Moose Pasture (Photo by Sean Feagan / NCC Staff)

Moose Pasture (Photo by Sean Feagan / NCC Staff)

A wetland wonderland now conserved

Moose Pasture contains incredible biodiversity
Moose Pasture, AB (Photo by NCC)

Moose Pasture, AB (Photo by NCC)

To celebrate World Wetlands Day, the Nature Conservancy of Canada (NCC) announced the conservation of Moose Pasture, a 65-hectare property located just east of Elk Island National Park in Alberta.

This project, achieved through a partnership with its owner, Heather Proctor, a University of Alberta biology professor, showcases the critical importance of wetlands in conserving biodiversity. Featuring a complex landscape composed of mature forests and wetlands, Moose Pasture is home to an incredible array of species — from tiny invertebrates to massive moose, for which the property is named.

Formalized protection

Proctor and her then partner bought the property as a way to ensure the future of its natural areas.

Spotted coralroot at Moose Pasture (Photo by Heather Proctor)

Spotted coralroot at Moose Pasture (Photo by Heather Proctor)

“In the early 2000s, I witnessed rapid development in the Edmonton area, with farmland and woodland disappearing before my eyes,” says Proctor. “Feeling a need to take action, I searched for ecologically important land to preserve.”

Proctor’s plan was to use the property as a bit of a getaway and a place to enjoy the biological diversity there, while keeping it intact. Now, almost 20 years later, she has decided to formally conserve the property through a conservation agreement in partnership with NCC — the value of which she donated entirely to the organization.

“I know that no matter what, it will still be protected, and that is a great feeling,” says Proctor.

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Defying a name

The name “Moose Pasture” is a tongue-in-cheek reference to a once held misconception that wetlands are worthless.

“My previous husband loves noir novels, and in one of his favorite books, there was a scene where a scam artist talked about how he tricked people in the United States into buying a bunch of ‘moose pasture’ up in Canada,” says Proctor.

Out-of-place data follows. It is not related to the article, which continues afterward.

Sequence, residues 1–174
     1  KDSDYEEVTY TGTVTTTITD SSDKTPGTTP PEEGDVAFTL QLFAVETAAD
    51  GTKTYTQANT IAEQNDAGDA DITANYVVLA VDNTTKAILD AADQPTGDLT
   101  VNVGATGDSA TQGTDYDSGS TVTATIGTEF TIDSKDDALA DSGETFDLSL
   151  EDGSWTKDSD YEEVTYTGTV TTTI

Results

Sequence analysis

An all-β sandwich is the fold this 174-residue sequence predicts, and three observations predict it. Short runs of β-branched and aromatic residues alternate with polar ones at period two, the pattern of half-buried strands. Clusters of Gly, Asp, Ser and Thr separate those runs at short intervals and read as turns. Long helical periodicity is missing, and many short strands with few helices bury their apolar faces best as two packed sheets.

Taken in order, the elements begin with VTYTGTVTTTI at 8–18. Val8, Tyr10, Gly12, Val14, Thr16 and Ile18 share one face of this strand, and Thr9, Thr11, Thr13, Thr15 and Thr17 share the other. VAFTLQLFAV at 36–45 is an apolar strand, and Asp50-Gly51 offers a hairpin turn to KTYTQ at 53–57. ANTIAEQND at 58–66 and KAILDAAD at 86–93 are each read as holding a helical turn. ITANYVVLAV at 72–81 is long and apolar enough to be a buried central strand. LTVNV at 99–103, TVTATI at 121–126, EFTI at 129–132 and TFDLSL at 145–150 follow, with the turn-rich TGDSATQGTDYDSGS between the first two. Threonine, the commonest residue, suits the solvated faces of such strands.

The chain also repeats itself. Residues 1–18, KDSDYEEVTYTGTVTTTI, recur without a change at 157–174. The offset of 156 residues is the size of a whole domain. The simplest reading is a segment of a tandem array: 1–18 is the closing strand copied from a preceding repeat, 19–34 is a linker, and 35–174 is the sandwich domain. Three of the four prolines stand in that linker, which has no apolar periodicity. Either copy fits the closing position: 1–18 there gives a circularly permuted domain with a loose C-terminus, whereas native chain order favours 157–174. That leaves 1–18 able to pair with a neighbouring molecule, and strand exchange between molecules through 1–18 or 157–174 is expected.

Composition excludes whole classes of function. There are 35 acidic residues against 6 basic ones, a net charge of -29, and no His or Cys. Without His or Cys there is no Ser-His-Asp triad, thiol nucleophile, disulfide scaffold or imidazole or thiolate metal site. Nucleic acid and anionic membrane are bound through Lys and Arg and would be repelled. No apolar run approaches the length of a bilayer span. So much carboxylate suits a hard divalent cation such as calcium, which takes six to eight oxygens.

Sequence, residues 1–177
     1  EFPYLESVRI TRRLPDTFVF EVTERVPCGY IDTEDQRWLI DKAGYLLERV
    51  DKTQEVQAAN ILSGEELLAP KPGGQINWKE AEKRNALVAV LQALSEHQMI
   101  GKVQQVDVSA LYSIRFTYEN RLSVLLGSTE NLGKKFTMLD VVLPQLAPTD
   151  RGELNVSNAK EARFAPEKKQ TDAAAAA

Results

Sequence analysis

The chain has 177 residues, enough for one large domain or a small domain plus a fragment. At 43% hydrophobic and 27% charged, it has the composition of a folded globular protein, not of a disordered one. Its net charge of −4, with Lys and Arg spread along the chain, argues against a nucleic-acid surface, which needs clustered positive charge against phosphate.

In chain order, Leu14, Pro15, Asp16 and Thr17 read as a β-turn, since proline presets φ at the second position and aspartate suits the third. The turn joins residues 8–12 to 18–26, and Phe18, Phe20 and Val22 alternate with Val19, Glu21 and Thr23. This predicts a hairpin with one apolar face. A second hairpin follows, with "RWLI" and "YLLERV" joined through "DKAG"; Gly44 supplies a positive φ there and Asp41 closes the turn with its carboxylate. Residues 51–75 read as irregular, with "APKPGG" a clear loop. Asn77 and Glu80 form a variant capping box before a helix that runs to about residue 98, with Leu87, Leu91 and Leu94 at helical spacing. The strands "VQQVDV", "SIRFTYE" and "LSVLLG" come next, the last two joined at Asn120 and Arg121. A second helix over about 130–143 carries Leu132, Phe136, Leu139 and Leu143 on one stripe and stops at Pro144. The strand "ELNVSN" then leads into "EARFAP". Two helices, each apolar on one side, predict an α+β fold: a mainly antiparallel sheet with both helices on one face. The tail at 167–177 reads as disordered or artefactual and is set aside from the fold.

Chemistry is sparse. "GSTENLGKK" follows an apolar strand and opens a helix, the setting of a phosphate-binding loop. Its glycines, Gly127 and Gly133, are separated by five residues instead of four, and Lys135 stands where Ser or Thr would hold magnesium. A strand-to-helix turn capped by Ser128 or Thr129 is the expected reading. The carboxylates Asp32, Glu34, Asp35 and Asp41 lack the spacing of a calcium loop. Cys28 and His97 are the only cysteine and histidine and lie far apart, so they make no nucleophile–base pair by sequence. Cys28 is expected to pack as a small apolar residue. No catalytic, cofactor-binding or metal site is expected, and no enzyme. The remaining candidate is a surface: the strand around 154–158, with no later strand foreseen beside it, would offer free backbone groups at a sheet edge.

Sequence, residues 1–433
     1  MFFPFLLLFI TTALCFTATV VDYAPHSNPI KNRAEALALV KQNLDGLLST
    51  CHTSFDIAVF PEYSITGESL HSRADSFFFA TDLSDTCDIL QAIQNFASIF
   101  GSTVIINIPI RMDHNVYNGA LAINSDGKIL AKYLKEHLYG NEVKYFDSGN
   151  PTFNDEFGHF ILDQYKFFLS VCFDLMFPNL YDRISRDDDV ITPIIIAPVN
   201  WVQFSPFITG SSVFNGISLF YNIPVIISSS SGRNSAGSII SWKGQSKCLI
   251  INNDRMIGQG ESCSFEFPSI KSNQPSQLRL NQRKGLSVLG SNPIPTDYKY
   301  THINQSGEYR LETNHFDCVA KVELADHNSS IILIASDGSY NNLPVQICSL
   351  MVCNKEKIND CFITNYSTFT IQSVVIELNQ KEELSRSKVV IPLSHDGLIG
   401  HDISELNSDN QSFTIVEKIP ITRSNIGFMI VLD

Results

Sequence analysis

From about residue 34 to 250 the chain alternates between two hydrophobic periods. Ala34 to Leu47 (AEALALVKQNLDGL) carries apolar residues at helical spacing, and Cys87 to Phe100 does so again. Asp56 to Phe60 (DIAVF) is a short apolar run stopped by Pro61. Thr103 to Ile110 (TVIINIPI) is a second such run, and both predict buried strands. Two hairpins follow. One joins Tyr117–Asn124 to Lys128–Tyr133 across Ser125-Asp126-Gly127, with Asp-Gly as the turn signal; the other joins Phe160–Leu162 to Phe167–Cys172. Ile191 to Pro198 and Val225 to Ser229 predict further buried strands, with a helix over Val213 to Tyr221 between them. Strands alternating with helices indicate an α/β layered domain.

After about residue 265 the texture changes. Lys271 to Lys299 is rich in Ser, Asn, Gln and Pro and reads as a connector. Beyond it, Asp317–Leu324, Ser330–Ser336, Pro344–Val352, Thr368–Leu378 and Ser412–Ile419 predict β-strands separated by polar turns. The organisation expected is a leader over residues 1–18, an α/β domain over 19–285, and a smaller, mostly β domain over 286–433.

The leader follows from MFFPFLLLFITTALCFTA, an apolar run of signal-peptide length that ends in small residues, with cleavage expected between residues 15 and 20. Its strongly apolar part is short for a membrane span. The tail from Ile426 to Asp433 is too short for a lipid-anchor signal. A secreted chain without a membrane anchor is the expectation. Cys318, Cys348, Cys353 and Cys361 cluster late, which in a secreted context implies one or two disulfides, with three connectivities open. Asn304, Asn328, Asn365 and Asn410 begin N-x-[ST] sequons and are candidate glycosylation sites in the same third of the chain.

Moose at Moose Pasture (Photo by Heather Proctor)

Moose at Moose Pasture (Photo by Heather Proctor)

While its name may be derived from a cheeky term implying the land's worthlessness, Moose Pasture staunchly defies this notion. "What makes it poor for farming makes it great for biological diversity and wetlands, with a rich tapestry of plant life," says Proctor.

A mite-y place

Proctor, who specializes in the study of minute arachnids known as mites, has used the property to study biodiversity both formally and for fun.

Some species of mites were newly described — meaning it was the first time they were ever documented by science — based on material collected at Moose Pasture. One of the species, Tectoribates alcescampestris, was even named after the property. In total, 195 species of mite have been documented here.

Mites are only one facet of the property’s biodiversity. Proctor teaches a course on freshwater invertebrate diversity, so is also drawn to the creatures that swim among its waters. She is also captivated by its aquatic plants, such as water arum and arrowhead.

Saving the Beaver Hills

Moose Pasture is an important conservation milestone in the Beaver Hills, a UNESCO Biosphere Reserve. Its intact habitats and proximity to conserved lands enhance the overall richness of the region.

"It's a fantastic place for species richness and being so close to Elk Island only enhances its ecological value," says Proctor.

Moose Pasture stands as a testament to the profound impact of wetland conservation, debunking stereotypes and unveiling an ecological treasure trove in the heart of the Beaver Hills — where much more conservation work remains to be done.

Learn more about NCC's work in the Beaver Hills!

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